Depending on the specific type of gas you’re trying to detect and the particular environment you’re measuring it in, different gas detectors will be appropriate.

    Carbon Monoxide Detectors

    High levels of carbon monoxide are toxic and can cause real damage to health if an individual is exposed for an extended period of time. Having a carbon monoxide alarm in a house or working environment will help detect any leaks from generators, grills, or heating systems. Most carbon monoxide detectors work using electrochemical or MOS sensors.

    Shop Carbon Monoxide Detectors

    Natural Gas Detectors

    Natural gas can’t be seen and often won’t be smelt until it's in a high concentration. However, it poses a safety threat due to its high combustibility. Available as handheld and fixed sensors, natural gas detectors often use infrared or catalytic systems to alert people to the presence of this substance. Catalytic systems have been used as industrial gas detectors in coal mines since 1959.

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    Ammonia Gas Detectors

    Most often present in factories, warehouses, and other commercial environments, ammonia has a strong smell but is colourless and can quickly become a danger to health if a leak occurs. Irritating to the eyes, nose and throat, it can cause coughing, internal damage, and be fatal after 30 minutes of exposure. Using handheld MOS and electrochemical sensors or probes can give early warning signs to minimise the risk. 

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    Methane Gas Detectors

    Industrial gas detector solutions are required in environments such as chemical plants and agriculture. Some manufacturing processes will also handle products or use processes that make high levels of methane. If there’s a high concentration of methane in the air, it can risk potential explosions and fire hazards. Catalytic and infrared gas detectors will sound the alarm when large amounts of methane are in the air, helping to keep teams safe at work.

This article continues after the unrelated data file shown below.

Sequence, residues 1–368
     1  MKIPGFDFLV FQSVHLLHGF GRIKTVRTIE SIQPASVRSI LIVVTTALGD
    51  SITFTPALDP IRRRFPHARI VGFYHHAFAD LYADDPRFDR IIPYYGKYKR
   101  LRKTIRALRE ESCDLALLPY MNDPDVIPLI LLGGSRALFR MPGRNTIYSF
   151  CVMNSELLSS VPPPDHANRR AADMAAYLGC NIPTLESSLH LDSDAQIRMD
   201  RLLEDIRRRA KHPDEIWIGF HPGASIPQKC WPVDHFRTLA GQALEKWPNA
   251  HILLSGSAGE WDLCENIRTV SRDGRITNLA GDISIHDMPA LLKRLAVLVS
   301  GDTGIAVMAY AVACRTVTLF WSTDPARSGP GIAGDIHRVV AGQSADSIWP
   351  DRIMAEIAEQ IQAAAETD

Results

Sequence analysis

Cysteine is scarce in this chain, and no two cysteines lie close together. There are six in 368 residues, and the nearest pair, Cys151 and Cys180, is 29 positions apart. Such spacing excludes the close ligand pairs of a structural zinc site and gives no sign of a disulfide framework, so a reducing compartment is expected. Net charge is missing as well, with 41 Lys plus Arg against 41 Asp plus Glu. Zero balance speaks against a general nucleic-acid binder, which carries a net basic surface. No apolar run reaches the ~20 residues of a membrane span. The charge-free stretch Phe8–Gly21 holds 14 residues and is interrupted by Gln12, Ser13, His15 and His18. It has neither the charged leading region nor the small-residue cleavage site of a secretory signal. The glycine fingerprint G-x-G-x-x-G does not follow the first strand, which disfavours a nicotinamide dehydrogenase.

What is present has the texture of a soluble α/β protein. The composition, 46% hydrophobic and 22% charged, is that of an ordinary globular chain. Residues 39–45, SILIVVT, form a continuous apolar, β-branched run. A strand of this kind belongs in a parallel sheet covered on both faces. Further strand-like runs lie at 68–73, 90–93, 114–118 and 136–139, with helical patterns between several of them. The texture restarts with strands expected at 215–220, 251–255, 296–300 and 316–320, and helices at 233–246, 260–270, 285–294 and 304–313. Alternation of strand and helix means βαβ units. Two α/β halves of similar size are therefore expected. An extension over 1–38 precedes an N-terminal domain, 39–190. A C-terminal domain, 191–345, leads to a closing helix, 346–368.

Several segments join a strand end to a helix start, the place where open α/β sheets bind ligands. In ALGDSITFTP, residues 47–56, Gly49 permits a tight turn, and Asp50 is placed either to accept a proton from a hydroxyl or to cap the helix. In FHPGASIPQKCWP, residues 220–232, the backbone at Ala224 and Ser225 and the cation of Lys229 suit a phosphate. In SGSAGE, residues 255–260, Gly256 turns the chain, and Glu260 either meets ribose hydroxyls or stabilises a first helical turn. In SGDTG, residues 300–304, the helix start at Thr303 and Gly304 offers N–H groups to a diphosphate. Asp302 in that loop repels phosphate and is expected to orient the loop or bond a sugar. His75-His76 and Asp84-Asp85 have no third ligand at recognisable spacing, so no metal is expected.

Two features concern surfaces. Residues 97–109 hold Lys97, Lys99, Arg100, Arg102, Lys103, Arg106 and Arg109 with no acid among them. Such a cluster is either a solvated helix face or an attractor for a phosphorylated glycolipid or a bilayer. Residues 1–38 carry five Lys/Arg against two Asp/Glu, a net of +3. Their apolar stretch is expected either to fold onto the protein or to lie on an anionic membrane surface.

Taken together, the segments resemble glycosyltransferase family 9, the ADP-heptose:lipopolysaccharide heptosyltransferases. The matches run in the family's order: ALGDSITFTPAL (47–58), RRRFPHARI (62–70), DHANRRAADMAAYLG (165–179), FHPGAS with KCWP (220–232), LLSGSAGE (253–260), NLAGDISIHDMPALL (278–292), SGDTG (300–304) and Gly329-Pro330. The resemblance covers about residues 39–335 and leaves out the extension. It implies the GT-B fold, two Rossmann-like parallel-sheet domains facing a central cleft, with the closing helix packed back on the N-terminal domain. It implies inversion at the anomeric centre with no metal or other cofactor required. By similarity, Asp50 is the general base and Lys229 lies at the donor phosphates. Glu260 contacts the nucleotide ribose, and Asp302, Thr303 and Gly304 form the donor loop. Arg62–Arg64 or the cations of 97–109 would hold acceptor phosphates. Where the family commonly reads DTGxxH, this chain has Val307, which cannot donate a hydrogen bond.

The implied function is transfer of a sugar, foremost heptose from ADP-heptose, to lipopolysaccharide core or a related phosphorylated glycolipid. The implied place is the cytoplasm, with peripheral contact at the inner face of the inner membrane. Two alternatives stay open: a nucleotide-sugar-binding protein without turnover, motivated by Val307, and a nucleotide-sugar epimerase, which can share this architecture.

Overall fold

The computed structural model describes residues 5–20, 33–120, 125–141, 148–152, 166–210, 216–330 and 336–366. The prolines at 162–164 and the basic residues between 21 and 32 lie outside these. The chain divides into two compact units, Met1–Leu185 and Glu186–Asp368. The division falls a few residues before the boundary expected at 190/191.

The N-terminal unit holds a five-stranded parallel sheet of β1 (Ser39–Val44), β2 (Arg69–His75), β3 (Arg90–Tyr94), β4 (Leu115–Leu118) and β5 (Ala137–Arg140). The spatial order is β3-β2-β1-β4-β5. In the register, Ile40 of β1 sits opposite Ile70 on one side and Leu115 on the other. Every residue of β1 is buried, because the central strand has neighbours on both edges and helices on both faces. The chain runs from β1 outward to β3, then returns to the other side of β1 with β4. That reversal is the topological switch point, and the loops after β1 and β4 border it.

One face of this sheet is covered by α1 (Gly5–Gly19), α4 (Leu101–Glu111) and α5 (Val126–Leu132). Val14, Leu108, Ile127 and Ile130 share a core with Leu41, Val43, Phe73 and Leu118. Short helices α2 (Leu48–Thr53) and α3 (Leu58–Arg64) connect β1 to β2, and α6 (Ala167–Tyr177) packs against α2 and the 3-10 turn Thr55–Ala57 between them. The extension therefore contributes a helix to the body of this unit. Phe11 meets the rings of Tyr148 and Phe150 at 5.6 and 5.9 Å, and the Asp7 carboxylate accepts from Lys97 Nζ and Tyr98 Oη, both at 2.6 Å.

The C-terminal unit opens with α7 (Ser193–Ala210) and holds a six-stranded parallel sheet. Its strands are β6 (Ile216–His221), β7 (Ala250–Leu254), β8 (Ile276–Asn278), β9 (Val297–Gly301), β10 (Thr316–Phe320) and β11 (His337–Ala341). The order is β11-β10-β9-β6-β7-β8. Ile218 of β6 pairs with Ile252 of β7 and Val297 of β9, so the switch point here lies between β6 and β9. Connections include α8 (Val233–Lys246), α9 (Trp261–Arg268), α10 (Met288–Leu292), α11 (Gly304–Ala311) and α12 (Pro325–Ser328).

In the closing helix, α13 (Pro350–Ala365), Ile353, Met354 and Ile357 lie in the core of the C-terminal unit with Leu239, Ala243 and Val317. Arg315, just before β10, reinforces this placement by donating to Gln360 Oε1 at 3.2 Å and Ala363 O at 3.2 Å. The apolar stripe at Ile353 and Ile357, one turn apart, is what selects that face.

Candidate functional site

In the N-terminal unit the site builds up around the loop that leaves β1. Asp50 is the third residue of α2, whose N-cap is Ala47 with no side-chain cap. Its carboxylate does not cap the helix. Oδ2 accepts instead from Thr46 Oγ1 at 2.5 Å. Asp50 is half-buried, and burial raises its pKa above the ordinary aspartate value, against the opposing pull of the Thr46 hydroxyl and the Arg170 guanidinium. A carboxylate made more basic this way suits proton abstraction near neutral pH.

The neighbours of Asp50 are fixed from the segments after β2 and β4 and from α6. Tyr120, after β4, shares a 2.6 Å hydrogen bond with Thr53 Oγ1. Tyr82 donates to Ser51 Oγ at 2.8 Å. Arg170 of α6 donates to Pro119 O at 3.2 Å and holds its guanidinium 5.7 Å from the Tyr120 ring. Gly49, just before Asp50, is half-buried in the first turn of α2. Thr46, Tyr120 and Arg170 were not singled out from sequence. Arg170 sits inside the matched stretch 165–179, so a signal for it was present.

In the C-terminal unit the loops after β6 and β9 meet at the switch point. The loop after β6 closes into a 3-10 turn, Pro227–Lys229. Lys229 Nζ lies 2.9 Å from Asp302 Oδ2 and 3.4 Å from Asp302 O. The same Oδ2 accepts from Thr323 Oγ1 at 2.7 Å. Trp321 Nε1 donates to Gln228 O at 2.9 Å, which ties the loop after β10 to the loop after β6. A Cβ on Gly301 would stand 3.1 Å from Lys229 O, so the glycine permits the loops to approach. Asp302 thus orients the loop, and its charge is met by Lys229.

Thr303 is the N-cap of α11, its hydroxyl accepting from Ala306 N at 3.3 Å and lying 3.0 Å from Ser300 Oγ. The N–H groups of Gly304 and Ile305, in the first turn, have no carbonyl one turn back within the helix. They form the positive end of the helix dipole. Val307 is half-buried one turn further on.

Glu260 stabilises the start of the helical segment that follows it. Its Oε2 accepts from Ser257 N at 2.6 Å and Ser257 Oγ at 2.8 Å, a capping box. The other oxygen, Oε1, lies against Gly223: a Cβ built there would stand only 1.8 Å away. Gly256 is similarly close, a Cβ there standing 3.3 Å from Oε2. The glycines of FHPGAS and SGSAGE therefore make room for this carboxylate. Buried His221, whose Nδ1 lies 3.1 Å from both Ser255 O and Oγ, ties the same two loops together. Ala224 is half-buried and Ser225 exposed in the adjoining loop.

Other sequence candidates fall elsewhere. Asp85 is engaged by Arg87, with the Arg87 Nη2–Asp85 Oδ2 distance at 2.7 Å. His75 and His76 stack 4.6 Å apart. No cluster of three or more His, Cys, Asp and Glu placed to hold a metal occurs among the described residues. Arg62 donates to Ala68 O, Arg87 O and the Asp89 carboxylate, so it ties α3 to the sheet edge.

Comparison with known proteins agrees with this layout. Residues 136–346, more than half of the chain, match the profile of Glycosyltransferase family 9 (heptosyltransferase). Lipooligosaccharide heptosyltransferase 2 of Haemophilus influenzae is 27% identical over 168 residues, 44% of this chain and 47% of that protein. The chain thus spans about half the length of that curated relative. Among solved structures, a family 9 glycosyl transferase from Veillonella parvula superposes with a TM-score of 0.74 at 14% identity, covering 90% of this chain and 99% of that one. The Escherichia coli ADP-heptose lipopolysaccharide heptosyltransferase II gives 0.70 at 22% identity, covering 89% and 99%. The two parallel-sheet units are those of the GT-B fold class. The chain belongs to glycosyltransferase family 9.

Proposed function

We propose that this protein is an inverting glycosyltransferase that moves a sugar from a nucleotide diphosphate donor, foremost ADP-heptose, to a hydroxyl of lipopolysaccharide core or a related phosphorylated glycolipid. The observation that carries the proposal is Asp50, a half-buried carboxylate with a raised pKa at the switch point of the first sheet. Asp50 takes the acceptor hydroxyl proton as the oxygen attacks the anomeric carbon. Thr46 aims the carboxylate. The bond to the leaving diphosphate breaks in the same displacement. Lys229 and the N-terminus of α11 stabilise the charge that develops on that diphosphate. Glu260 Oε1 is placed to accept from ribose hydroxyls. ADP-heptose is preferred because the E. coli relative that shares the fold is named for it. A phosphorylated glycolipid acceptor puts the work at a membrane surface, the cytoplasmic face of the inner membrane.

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    Do Carbon Monoxide Detectors Detect Natural Gas?

    Carbon monoxide and natural gas risk safety in two different ways. When inhaled, carbon monoxide damages red blood cells and stops the natural flow of oxygen around the body and organs. After extended exposure, this can start to cause symptoms such as headaches and nausea and even lead to death.

    In contrast, natural gas is highly flammable and can cause explosions or fire hazards when present in high concentrations. For these reasons, both gases are a danger in homes and commercial environments and can’t be detected by the same sensors.

    Electrochemical and MOS sensors are best for detecting carbon monoxide as this gas triggers chemical reactions in the detectors. Meanwhile, catalytic and infrared sensors detect an increase in levels of natural gas by monitoring the movement of air. This means carbon monoxide detectors won’t be triggered by an increase in levels of natural gas. 

    Further Reading